For the spicy chipotle mayo, once I stirred up all the ingredients, it looked chunky and I wasn’t sure I wanted the texture of chipotle seeds in the sauce, so I whirled it all in the blender and loved the smooth texture of it.

These ancho fish tacos are a fantastic summer dinner—substantial enough to be satisfying yet still light! Great flavor without being too spicy. Can’t wait to grill these fish tacos up again.

My fish fillets were smaller (4 ounces versus 6 ounces) so I had to use 6 fillets to get the 24 ounces of fish needed. With the extra surface area I needed extra oil for coating the fish after patting them dry. I ground my own ancho chile from dried in my spice grinder and I skipped the seeds.

There was enough spice blend to give all fish a light coating. I think the flavor would have been better (stronger) if I had the larger cut fillets and only 4 of them as opposed to the 6 smaller cuts. The final fish was a little light on spices and salt but by no means bad!

I wish the coleslaw had a bit more acid, either more vinegar or some lime juice. I grilled the fish on a wire screen so I didn’t have any issues of fish through the grill grate. I wish the mayo packed a little more chipotle punch. The tortillas were warmed on the grill.

This could comfortably serve 6 people with 2 tacos a piece. Overall, these fish tacos were really good! I thought the flavor was really nice and didn’t overpower the fish but I would use a bit more spice rub next time. I added a little fresh avocado and some fruity hot sauce sprinkled on top to zippy it up a little. I will definitely be making these again!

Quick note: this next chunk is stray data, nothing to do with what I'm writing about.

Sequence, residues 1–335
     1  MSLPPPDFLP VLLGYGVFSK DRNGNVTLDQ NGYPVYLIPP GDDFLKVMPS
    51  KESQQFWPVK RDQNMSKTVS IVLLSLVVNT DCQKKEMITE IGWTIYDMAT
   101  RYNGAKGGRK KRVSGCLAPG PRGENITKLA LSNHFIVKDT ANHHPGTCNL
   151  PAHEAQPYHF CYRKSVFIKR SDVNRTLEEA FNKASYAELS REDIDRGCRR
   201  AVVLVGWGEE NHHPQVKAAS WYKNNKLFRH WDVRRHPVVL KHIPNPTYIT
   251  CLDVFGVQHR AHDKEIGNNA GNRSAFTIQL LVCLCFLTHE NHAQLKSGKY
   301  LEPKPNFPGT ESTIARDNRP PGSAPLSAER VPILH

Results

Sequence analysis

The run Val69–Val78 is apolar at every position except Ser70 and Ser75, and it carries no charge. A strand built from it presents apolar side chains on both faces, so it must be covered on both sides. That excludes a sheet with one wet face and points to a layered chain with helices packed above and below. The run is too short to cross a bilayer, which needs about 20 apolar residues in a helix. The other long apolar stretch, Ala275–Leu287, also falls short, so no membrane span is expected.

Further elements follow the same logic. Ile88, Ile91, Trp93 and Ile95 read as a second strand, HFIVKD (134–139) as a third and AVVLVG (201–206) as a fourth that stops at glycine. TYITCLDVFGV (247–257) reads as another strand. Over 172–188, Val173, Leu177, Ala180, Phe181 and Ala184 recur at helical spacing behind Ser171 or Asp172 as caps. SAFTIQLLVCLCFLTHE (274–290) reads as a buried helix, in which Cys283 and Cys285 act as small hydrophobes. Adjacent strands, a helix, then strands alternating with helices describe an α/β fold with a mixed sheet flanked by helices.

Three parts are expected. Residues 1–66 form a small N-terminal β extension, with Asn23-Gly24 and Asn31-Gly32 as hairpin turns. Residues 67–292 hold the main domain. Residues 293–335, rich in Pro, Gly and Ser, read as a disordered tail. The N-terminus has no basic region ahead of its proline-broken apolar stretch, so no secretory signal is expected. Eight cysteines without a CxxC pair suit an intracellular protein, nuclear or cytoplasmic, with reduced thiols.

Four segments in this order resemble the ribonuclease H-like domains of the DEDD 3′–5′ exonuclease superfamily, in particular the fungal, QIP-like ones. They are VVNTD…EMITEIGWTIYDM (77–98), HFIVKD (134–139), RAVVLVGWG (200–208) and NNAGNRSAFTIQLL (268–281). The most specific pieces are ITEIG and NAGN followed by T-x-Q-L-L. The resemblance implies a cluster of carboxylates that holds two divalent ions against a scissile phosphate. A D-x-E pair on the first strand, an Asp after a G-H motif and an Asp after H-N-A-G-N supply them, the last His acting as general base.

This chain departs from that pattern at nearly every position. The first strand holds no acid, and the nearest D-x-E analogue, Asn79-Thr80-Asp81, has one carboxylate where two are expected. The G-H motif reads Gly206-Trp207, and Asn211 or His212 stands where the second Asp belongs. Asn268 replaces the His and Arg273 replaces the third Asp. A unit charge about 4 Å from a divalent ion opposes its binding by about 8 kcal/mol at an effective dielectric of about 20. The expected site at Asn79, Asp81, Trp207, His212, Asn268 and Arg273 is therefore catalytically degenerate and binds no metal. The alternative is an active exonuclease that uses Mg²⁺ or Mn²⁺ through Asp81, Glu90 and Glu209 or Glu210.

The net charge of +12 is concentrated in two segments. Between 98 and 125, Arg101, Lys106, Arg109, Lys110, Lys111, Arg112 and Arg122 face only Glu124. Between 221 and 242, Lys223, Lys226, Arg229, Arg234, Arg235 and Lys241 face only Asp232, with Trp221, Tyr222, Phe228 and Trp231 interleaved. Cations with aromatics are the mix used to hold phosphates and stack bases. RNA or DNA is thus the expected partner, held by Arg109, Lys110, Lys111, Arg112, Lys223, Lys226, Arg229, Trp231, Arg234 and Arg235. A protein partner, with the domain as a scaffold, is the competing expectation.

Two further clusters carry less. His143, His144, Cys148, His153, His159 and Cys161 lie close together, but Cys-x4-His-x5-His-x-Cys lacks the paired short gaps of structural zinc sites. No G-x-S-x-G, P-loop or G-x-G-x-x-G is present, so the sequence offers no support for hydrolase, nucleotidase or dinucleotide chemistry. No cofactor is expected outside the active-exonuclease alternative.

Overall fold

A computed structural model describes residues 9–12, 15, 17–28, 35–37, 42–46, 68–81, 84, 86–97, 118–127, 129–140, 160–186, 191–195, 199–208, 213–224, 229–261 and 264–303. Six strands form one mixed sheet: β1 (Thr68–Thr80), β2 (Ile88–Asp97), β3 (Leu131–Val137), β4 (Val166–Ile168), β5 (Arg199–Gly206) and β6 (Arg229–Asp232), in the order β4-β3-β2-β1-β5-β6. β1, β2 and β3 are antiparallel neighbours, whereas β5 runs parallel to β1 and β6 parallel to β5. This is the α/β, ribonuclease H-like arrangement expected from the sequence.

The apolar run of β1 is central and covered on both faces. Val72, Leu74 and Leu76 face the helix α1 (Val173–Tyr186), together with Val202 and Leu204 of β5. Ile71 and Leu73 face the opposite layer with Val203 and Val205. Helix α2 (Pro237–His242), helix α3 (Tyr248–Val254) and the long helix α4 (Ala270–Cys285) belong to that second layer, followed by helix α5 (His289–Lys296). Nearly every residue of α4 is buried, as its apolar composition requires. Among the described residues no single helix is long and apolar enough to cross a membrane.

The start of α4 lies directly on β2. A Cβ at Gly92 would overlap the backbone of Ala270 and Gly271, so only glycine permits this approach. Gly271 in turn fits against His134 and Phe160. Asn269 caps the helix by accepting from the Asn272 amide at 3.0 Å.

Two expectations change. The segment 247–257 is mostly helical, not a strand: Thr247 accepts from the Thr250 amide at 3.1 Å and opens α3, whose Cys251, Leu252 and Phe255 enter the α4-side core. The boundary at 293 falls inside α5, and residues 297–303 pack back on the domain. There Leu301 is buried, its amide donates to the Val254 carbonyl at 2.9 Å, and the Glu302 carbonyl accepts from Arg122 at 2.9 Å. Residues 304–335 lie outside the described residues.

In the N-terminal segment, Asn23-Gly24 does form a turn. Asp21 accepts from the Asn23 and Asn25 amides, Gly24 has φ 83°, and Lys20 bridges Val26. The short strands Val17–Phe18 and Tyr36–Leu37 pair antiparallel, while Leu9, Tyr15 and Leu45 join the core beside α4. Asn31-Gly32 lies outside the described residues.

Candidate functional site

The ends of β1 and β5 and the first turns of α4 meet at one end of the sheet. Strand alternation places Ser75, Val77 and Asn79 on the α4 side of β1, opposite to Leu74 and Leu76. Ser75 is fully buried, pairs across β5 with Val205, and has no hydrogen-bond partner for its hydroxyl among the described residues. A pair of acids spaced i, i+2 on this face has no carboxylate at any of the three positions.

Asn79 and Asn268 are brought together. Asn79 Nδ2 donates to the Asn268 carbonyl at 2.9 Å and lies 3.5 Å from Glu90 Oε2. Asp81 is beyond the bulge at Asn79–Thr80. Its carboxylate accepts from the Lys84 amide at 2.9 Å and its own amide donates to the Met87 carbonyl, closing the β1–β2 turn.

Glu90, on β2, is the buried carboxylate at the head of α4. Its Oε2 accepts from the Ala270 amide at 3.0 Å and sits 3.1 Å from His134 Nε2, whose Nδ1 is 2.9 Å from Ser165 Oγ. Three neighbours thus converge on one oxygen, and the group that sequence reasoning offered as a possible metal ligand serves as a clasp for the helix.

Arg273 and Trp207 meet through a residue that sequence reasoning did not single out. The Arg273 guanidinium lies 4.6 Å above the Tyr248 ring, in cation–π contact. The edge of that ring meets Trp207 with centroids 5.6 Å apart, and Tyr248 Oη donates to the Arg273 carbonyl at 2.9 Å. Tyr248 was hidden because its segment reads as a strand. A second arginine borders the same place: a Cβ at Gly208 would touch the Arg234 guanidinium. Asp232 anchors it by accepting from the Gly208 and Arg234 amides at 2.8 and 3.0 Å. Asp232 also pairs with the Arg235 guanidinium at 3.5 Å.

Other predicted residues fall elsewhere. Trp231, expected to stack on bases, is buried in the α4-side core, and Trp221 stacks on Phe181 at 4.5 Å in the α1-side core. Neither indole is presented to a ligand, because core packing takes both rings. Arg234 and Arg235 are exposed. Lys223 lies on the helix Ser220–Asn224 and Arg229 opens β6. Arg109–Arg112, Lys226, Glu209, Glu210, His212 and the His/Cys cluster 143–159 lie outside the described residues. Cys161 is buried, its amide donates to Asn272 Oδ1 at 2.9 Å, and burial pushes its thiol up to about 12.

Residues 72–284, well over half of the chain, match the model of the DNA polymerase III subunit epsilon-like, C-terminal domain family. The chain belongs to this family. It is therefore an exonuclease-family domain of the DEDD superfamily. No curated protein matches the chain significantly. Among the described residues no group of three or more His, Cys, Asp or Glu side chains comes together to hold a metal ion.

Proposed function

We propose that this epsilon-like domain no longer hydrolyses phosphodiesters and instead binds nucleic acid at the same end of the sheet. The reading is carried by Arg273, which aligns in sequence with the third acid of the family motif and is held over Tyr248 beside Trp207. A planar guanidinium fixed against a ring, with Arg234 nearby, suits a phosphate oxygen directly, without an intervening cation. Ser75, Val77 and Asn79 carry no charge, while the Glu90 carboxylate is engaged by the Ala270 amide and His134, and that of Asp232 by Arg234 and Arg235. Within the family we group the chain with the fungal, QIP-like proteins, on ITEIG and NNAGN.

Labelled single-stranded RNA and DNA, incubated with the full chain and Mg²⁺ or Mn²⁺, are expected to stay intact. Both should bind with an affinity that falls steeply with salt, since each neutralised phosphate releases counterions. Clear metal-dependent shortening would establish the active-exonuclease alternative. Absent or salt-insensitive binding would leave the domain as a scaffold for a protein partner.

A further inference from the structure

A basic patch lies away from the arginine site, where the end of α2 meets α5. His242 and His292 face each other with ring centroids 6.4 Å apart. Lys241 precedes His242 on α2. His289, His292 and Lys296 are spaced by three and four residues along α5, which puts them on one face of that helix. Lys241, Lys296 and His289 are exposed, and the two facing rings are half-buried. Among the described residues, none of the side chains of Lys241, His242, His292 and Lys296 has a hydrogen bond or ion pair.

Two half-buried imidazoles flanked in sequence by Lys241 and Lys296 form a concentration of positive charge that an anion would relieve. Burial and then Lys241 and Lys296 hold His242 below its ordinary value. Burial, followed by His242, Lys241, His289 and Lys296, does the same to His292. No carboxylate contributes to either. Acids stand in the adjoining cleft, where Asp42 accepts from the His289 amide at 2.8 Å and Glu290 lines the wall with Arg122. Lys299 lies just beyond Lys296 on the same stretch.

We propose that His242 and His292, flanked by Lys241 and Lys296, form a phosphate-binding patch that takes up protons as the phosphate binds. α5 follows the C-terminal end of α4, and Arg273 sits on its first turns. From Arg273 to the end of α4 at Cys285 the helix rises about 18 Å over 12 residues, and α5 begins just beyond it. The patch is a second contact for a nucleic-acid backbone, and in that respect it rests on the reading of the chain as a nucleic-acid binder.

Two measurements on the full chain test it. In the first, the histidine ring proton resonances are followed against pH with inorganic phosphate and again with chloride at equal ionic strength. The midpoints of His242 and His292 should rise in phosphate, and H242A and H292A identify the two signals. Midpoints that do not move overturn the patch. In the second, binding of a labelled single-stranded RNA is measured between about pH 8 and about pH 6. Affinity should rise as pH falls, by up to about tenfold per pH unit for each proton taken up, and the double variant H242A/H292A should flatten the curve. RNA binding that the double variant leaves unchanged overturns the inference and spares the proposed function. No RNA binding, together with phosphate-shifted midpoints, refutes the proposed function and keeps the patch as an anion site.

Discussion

If you like fish tacos, this ancho fish taco recipe is a winner. Perfectly balanced recipe.

About David Leite

I count myself lucky to have received three James Beard Awards for my writing as well as for Leite’s Culinaria. My work has also appeared in The New York Times, Martha Stewart Living, Saveur, Bon Appétit, Gourmet, Food & Wine, Yankee, Los Angeles Times, Chicago Tribune, The Washington Post, and more.

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  1. Meat definition is the flesh of an animal used as food. It’s not a meatless Monday possibility.

    1. Jesbee, my apologies, you’re completely right. I guess that’s the Catholic in me being brought up on Fish Fridays thinking seafood didn’t count as meat. I’ve amended the recipe so that it no longer reflects meatless Monday. Thanks so much for drawing our attention to this and I do hope you try the recipe at some point, whether on a Monday or otherwise.